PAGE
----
Edward Riley Boyd[1][nb 1] (November 25, 1914 – July 13, 1994)[3] was an American blues pianist, singer and songwriter, best known for his recordings in the early 1950s, including the number one R&B chart hit "Five Long Years".

Eddie Boyd
Eddie Boyd (1968).jpg
Boyd in 1968
Background information
Birth nameEdward Riley Boyd
Born(1914-11-25)November 25, 1914
Shelby or near Stovall, Mississippi, U.S.
DiedJuly 13, 1994(1994-07-13) (aged 79)
Helsinki, Finland
GenresBlues
Occupation(s)Singer, musician, songwriter
InstrumentsPiano
Years active1930s–1990s
LabelsJOB, Chess

Life and careerEdit

Boyd was born either on Stovall's Plantation, near Clarksdale, Mississippi,[4] or on Frank Moore's Plantation, near Stovall, Mississippi.[2] He learned to play the guitar and the piano. His piano playing was influenced by the styles of Roosevelt Sykes and Leroy Carr.[3]

Boyd moved to the Beale Street district of Memphis, Tennessee, in 1936, where he played with his group, the Dixie Rhythm Boys. He then joined the Great Migration of African Americans north to the factories of Chicago in 1941.[4] He recorded for Bluebird Records, accompanying such musicians as Sonny Boy Williamson, Jazz Gillum, Muddy Waters, and Tampa Red, before making his first recordings under his own name, in 1947.[3]

He decided to produce his own recordings, and took two demos to Joe Brown at J.O.B. Records, who agreed to re-record the tracks. In May 1952 he recorded "Five Long Years", which became a huge hit, topping the Billboard R&B chart for seven weeks late in the year.[1] He signed with Parrot Records, which then sold his contract to Chess Records. Boyd had two further hits for Chess in 1953, "24 Hours" and "Third Degree" (co-written by Willie Dixon), both of which reached number three on the R&B chart.[4][1]

He went on to record for a series of smaller labels in the 1950s, but an automobile accident in 1957 in which he was injured put his career on hold for a while.[3] Boyd toured Europe with Buddy Guy's band in 1965 as part of the American Folk Blues Festival.[4] He later toured and recorded with Fleetwood Mac and John Mayall & the Bluesbreakers.

Unhappy with the racial discrimination faced in the United States, Boyd moved to Belgium,[3] where he recorded with the Dutch band Cuby and the Blizzards. He moved again, in 1970, to Helsinki, Finland,[4] where he continued to perform and recorded ten blues records, the first being Praise to Helsinki (1970). He married his wife, Leila, in 1977.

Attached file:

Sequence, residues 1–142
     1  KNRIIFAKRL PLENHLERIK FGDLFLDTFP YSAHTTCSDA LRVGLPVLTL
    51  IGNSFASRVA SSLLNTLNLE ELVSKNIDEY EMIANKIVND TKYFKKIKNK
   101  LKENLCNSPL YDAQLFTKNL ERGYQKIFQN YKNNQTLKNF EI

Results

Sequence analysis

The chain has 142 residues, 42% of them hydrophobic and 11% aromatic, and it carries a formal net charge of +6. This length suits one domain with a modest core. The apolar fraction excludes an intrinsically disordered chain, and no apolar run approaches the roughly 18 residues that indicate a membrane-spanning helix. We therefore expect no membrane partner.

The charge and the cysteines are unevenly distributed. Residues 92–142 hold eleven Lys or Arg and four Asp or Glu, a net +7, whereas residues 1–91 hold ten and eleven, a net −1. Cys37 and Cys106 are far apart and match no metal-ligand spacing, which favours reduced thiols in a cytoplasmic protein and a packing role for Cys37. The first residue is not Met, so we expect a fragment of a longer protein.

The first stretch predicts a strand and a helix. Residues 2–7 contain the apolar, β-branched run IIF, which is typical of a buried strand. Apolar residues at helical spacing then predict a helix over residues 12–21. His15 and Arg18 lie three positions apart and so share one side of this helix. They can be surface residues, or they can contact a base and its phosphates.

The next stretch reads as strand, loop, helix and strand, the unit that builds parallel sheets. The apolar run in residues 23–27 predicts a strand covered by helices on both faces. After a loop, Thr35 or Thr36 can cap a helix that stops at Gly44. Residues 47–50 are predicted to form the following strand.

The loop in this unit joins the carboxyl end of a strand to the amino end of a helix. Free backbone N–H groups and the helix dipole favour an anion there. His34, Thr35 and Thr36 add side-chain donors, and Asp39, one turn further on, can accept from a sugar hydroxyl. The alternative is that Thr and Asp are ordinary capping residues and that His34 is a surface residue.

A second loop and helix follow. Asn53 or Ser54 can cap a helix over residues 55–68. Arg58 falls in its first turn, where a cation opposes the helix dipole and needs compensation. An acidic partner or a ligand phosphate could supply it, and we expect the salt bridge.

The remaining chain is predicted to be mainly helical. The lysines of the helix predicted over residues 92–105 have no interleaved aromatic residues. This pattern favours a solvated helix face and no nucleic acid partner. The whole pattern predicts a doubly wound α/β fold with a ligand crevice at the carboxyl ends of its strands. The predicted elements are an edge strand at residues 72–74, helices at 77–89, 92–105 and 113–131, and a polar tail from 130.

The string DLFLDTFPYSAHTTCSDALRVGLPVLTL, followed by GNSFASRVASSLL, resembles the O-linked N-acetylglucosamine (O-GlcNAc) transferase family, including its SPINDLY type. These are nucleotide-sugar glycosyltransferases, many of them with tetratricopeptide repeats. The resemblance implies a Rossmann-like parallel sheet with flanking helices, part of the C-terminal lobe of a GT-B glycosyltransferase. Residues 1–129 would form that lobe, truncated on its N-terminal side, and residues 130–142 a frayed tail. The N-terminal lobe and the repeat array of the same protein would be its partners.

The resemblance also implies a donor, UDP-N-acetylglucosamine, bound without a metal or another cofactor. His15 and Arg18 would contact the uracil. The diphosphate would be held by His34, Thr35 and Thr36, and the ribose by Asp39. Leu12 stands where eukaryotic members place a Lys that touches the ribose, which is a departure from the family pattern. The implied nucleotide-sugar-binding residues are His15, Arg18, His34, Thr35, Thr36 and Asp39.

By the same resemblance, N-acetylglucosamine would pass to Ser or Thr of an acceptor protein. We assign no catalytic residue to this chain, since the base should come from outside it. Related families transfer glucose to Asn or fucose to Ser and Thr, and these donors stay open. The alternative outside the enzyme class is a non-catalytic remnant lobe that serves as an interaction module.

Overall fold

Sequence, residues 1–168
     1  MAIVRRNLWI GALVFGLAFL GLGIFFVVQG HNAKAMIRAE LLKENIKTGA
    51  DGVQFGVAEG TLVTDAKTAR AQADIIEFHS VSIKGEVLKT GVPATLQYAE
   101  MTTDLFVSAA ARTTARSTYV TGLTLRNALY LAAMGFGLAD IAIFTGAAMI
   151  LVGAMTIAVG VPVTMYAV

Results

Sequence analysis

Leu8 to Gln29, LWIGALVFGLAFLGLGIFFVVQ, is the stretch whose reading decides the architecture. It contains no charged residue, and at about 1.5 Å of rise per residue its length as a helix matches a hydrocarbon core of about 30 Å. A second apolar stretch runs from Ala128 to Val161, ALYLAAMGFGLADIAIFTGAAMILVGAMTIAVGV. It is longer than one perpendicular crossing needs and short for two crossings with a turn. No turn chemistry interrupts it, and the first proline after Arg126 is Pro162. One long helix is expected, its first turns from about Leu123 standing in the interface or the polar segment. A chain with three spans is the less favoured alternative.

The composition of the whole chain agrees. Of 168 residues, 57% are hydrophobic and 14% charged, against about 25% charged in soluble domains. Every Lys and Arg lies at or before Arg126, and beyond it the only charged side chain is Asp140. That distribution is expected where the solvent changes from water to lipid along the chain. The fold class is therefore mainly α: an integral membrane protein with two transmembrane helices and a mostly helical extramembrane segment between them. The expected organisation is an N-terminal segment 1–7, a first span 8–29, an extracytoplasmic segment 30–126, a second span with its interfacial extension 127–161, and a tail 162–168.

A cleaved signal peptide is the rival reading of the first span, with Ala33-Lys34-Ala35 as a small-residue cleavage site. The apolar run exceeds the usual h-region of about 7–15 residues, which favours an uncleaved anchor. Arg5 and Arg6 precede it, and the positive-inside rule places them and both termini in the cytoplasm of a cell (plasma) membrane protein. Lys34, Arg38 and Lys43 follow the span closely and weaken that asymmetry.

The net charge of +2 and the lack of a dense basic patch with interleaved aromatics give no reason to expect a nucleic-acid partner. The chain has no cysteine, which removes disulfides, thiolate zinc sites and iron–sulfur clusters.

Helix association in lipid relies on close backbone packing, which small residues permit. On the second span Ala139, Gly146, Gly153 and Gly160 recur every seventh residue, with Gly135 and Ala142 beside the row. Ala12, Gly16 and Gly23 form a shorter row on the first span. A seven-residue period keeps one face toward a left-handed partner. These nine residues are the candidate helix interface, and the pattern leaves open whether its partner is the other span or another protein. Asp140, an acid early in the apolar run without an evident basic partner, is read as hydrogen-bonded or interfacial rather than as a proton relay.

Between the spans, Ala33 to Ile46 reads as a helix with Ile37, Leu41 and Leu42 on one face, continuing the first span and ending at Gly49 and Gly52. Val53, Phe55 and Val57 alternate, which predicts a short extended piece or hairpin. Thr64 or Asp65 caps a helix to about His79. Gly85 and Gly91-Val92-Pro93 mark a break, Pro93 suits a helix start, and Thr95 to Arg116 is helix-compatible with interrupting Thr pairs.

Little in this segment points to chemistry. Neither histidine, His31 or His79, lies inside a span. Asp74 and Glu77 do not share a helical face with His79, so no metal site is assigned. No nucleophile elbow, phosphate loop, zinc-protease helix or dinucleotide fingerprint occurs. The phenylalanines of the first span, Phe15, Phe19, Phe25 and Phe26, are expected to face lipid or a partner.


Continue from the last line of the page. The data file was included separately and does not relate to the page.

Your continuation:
Boyd died in 1994 in Helsinki. A few months later, Eric Clapton's chart-topping blues album From the Cradle, which includes interpretations of Boyd's "Five Long Years" and "Third Degree", was released.

On June 25, 2019, The New York Times Magazine listed Eddie Boyd among hundreds of artists whose material was reportedly destroyed in the 2008 Universal fire.[5]

DiscographyEdit

Studio albumsEdit

  • Five Long Years (Fontana, 1966)
  • Eddie Boyd and His Blues Band Featuring Peter Green (Decca, 1967)
  • 7936 South Rhodes (Blue Horizon, 1968)
  • Praise to Helsinki (Love Records, 1970)
  • The Legacy of the Blues, vol. 10 (Sonet, 1974)
  • Brotherhood (Finnish Blues Society, 1975)
  • My Lady (Lobo, 1978)
  • Soulful (Magic Angel, 1980)
  • A Sad Day (Paris, 1980)
  • Lover's Playground (Stockholm, 1984)

Live albumEdit

CompilationsEdit

  • Vacation from the Blues (Jefferson, 1976)
  • Rattin' and Runnin' Around (Crown Prince, 1981)
  • No More of This Third Degree (Teldec, 1982)
  • The Best of Eddie Boyd (P-Vine, 1984)
  • Third Degree (Orbis/Charly, 1993)
  • The Complete Recordings, vols. 1 and 2 (EPM, 2001, 2004)
  • Eddie Boyd in Finland (Blue North, 2005)
  • The Blues Is Here to Stay (Jasmine, 2013)
  • Vacation from the Blues (Mojo, 2015)

Charting singlesEdit

Guest appearancesEdit

With Magic Sam

NotesEdit

  1. ^ The researchers Bob Eagle and Eric LeBlanc give his birth name as Will Joe Boyd Jr.[2]

ReferencesEdit

  1. ^ a b c Whitburn, Joel (1996). Top R&B/Hip-Hop Singles: 1942–1995. Record Research. pp. 41–42.
  2. ^ a b Eagle, Bob; LeBlanc, Eric S. (2013). Blues: A Regional Experience. Santa Barbara, California: Praeger. p. 192. ISBN 978-0313344237.
  3. ^ a b c d e Dahl, Bill. Eddie Boyd: Biography. AllMusic. Retrieved October 13, 2016.
  4. ^ a b c d e Russell, Tony (1997). The Blues: From Robert Johnson to Robert Cray. Dubai: Carlton Books. pp. 94–95. ISBN 1-85868-255-X.
  5. ^ Rosen, Jody (June 25, 2019). "Here Are Hundreds More Artists Whose Tapes Were Destroyed in the UMG Fire". The New York Times. Retrieved June 28, 2019.